The Craft Concept Racing Team burst onto the scene in 2015 with a small, but stacked, roster. This elite women’s club is providing a much needed jolt to the competitive club scene around here, something that hasn’t been felt since the Western Mass Distance Project boys started making some noise back in 2012.
Their roster already includes a couple of current and former Olympic Trials marathon qualifiers (Meagan Nedlo, Diana Bowser), a former USATF-NE champion (Larissa Park in the 5k and road mile in 2014), and the reigning national 50k champion (Sarah Bard). That’s a stacked team already. Now they’ve recently welcomed former BAA stud Hilary Dionne to the mix making the team downright scary.
Hilary has the ‘A’ standard already in hand for the 2016 Olympic Trials marathon, which is the 2:35:08 that she ran at the 2014 Boston Marathon. We’ve grown accustomed to seeing Hilary dominating out in front at bigger races and winning titles all while sporting the BAA Unicorn on her chest. Dionne’s picked up wins at the Hartford Marathon, New Bedford Half (she’s the reigning USATF-NE half marathon champ) along with performing well in Boston and Falmouth, just to name a few.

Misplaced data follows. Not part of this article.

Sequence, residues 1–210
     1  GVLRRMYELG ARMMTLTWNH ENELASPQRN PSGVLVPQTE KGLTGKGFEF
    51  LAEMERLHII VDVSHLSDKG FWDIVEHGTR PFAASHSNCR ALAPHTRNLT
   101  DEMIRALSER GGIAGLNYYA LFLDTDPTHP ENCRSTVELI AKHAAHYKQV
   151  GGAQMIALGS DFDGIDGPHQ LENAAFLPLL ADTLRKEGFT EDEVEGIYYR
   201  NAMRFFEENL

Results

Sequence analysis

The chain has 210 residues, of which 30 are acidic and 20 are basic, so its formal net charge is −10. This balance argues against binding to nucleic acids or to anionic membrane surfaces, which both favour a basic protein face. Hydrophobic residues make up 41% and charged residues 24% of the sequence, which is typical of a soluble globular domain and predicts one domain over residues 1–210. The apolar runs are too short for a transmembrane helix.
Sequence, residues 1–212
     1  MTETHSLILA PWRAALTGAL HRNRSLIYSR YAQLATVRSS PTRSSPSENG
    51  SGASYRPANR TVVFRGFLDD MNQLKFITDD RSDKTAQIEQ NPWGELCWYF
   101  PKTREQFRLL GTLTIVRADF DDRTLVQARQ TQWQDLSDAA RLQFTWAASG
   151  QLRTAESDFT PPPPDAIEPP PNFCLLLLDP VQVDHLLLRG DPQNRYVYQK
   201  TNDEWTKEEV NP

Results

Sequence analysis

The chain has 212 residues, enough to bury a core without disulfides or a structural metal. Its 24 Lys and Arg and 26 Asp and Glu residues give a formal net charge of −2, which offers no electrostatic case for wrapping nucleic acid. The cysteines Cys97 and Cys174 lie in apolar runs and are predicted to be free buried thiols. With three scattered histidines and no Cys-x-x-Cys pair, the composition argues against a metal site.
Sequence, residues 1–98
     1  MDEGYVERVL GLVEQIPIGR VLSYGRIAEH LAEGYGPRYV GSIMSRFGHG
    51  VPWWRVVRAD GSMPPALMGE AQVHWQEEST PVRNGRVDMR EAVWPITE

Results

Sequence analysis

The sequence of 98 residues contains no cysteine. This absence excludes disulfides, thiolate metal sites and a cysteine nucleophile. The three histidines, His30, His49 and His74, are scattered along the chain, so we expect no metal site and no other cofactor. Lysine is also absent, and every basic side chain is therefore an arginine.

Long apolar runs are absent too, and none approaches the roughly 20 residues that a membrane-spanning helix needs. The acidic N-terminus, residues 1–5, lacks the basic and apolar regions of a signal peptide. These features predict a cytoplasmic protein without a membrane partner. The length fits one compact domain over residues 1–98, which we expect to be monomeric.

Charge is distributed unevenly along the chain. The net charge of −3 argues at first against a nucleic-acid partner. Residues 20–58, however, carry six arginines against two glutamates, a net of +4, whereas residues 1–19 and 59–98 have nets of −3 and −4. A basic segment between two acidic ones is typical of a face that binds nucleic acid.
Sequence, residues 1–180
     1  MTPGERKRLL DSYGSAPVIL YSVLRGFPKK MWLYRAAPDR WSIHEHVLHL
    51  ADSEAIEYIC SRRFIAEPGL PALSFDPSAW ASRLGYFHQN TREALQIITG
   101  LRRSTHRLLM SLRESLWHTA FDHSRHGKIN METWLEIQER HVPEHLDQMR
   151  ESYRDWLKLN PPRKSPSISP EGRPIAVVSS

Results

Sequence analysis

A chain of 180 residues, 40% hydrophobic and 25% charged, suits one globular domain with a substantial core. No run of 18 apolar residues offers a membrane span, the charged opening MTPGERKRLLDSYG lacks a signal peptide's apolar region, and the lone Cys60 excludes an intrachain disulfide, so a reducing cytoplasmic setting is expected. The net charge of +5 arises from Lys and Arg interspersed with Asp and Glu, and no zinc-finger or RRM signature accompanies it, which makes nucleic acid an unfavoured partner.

We sent a few questions over to Hilary to get some more info on the big move and her future plans:
Was there anything about the BAA that made you feel like a change was necessary?
I was doing a lot of workouts solo, and Sarah and Meagan are two of the people I was training with most anyway.
Was it an easy decision?
It’s something I’ve been contemplating for a while, so no, it wasn’t an easy decision in that sense.
What are you most excited about with this new team?
The entrepreneurial side of me is excited to be part of something brand-new, to be part of the first batch of members on the team. Already, it’s quickly become clear that this group of women is the right balance of supportive of each other’s goals, flexible and still highly competitive — just what I was looking for.